The city’s artists, to a large extent, have written their own history. This is seen in the Hammer Museum’s wide-ranging ‘Made in L.A.’ biennial surveys of the city’s emerging and mid-career artists. This show presents narratives typically excluded from the textbook art historical canon. For example, in 2018 Lauren Halsey erected a monument to her native South Central LA and its residents in the shape of an Egyptian tomb.
One of the most striking pieces was Eamon Ore-Giron’s Angelitos Negros (little black angels), a monumental mural along the museum’s grand staircase. Ore-Giron had arranged the circular motifs inherent in his work in a composition resembling the movements of the sun and moon. While his strong geometries typically evoke comparisons to the work of European modernists, he explains, they’re based on abstract Peruvian designs of the 13th and 14th centuries. “It stands in opposition to the standard Western idea of everything originating from Western concepts of space and time,” he says.
As a relatively new art capital, LA’s artistic community remains small. It’s the first thing gallerist Kibum Kim noticed when he arrived from New York in 2016. Kim is a partner in artist Young Chung’s Commonwealth & Council, a Koreatown space Chung founded in 2010. Building communities, rather than focusing solely on the commercial, has always been Chung’s ethos, which is perhaps why, as he says, he “didn’t make a sale for years”.
“Many artists we work with have practices that eschew the Western notion of the individual artist genius,” Kim adds, using the examples of partnerships between Rafa Esparza and Beatriz Cortez, and Candice Lin and Patrick Staff (all four of whom have now shown in ‘Made in L.A.’). Jamillah James, curator in both the Institute of Contemporary Art, Los Angeles, and the New Museum Triennial in New York in 2021, also notes the close relationships that form between superstar and emerging artists. “I love going to openings and seeing multiple generations of artists supporting each other,” she says. “Charles Gaines has been a teacher at CalArts since 1989; so many of his artists are in the stratosphere, and yet you still see him everywhere.”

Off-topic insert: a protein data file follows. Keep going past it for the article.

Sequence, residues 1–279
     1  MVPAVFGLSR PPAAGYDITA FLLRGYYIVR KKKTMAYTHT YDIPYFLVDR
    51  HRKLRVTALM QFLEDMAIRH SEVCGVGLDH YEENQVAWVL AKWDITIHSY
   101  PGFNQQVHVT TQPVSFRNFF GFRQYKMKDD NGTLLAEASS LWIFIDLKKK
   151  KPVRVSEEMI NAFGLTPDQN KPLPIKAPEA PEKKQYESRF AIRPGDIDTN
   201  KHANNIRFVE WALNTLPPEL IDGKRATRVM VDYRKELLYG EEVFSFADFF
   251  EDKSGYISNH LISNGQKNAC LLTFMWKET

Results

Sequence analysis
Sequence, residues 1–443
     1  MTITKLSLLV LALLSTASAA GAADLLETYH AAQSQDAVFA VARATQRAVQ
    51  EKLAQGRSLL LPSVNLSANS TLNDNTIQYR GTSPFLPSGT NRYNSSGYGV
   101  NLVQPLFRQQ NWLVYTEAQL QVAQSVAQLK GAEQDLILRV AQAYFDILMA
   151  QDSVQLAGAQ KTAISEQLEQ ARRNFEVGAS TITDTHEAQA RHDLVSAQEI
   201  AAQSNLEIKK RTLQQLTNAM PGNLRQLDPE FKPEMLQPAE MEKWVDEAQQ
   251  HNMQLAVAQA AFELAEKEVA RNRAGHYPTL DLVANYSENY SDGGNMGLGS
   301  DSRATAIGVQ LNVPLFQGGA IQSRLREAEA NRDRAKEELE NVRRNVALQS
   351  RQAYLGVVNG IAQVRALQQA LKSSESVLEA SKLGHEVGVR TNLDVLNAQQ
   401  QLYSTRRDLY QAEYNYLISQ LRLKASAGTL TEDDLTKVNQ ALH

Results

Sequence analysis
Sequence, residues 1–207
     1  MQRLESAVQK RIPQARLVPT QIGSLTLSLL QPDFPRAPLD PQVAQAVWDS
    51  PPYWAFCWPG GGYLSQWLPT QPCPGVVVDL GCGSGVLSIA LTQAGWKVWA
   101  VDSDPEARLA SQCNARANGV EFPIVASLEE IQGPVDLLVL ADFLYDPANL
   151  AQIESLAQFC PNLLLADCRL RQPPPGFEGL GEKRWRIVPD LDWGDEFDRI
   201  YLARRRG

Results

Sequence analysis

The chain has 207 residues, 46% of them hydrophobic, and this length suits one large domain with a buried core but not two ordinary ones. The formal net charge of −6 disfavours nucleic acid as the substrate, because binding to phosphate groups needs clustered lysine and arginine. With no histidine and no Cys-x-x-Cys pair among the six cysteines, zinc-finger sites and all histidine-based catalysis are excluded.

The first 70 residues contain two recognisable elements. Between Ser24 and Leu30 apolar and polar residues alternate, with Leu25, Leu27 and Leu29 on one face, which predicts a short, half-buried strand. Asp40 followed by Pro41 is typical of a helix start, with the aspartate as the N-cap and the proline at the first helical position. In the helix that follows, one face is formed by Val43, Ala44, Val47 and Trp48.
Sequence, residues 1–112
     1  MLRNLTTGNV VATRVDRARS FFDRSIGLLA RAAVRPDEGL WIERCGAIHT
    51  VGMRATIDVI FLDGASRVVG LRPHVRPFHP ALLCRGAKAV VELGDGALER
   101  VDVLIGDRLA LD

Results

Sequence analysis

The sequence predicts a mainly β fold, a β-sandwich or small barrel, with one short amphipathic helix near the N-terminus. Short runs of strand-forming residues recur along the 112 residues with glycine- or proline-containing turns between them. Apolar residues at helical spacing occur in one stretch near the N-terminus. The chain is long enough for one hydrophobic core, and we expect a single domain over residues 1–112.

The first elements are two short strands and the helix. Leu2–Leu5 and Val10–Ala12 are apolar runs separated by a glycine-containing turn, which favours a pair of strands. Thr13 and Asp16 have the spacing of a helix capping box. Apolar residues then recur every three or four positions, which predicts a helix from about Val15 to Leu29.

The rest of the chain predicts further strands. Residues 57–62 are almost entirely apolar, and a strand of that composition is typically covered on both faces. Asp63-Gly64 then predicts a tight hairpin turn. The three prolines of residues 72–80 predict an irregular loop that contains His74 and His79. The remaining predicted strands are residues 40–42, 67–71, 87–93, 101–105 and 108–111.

LA’s art scene, like any good ecosystem, thrives on diversity. Art operates on a range of scales, from small artist-run spaces to global stalwarts such as Hauser & Wirth and Sprüth Magers. Artists in search of solitude don’t have to look far to find it, but for those seeking a sense of community, there’s conviviality rather than competition. Forget the more formal affairs with white wine and polite conversation, over on the West Coast it’s casual and warm – think tacos and beer and, of course, those palm trees and skateboards.
This story appears in the Autumn/Winter 2018 issue of Baku magazine. Pick up your copy on newsstands now.
Main image courtesy of Doug Aitken and Desert X. Images courtesy of FD13, Brian Forrest and Lance Gerber